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Flexible working more popular with male employees since lockdown, survey finds

14 Oct 2020 By Elizabeth Howlett

Widespread home working has lessened the stigma around men requesting non-conventional arrangements, say experts

Flexible working has become more popular with male employees since the beginning of lockdown, according to a study of employers.

In the poll of 26 UK employers, conducted by Working Families in September, two-thirds (68 per cent) reported male parents and carers had shown more interest in flexible working since the pandemic hit.

The survey also showed a general leap forward in flexible working during the pandemic compared to pre-Covid. While just under half (49 per cent) of organisations said that at least half of their staff flexed their hours before the crisis, this jumped to 85 per cent during the coronavirus crisis. 



Additionally, before the pandemic only a quarter (25 per cent) of employers said half their staff worked partly remotely, but this increased to 84 per cent of during lockdown. 

HR consultant Steve Carpenter attributed the increase in popularity of flexible working among male staff to a loosening of the stigma facing men requesting flexible hours pre-pandemic. “Men who looked to go part time, or ask to work from home more regularly, for example, have to challenge gender norms,” said Carpenter. “There was a stigma around flexible working, especially for male employees, and reports found it is less ‘culturally acceptable’ for men to work flexibly.” 

He added that the negative association between flexible working and career progression for their female counterparts often dissuaded men from taking up the benefit, whereas now widespread home working for all types of employee had lessened such concerns.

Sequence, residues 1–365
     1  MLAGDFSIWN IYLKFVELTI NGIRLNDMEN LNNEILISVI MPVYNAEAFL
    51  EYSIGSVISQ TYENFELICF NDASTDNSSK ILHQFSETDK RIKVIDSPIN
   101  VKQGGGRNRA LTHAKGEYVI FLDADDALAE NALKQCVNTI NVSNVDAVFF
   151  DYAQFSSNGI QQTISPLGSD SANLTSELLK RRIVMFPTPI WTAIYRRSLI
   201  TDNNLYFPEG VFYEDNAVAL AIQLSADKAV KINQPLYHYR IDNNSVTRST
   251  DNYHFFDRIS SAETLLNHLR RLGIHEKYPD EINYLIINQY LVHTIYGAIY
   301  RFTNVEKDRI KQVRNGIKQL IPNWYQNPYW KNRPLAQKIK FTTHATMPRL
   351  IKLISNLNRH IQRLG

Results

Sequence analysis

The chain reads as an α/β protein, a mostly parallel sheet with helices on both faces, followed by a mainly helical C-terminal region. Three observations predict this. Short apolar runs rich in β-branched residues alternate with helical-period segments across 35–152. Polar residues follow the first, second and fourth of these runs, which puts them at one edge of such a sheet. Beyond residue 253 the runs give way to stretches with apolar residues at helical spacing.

Jane van Zyl, chief executive of Working Families, said that while lockdown was a challenging time for many working parents and carers, a “silver lining” had emerged. Employers had realised flexible working arrangements were possible in “more jobs than they had ever considered before”, she said, adding that she encouraged other employers to “follow their example and harness the gains” flexible working offered. 

The figures also showed that many organisations planned to continue flexible working when the pandemic came to an end. Two-thirds (67 per cent) of employers planned to allow most staff to continue flexing their hours, and nearly three-quarters (71 per cent) expected to allow most employees to work at least partly remotely. 

This trend also extended to future hiring plans, with more than half of employers (52 per cent) expecting to make flexible working available in all roles, and a fifth (19 per cent) expecting to mention this at recruitment stage.  

Carpenter added the pandemic had evidenced a range of benefits from flexible working such as improved wellbeing, better work-life balance and increased productivity. “The importance of family time has really become apparent and employers have seen this can be achieved without affecting business productivity,” said Carpenter.

He added that “companies that do not look to continue with a flexible approach to working patterns will suffer in terms of talent acquisition and retention”. 

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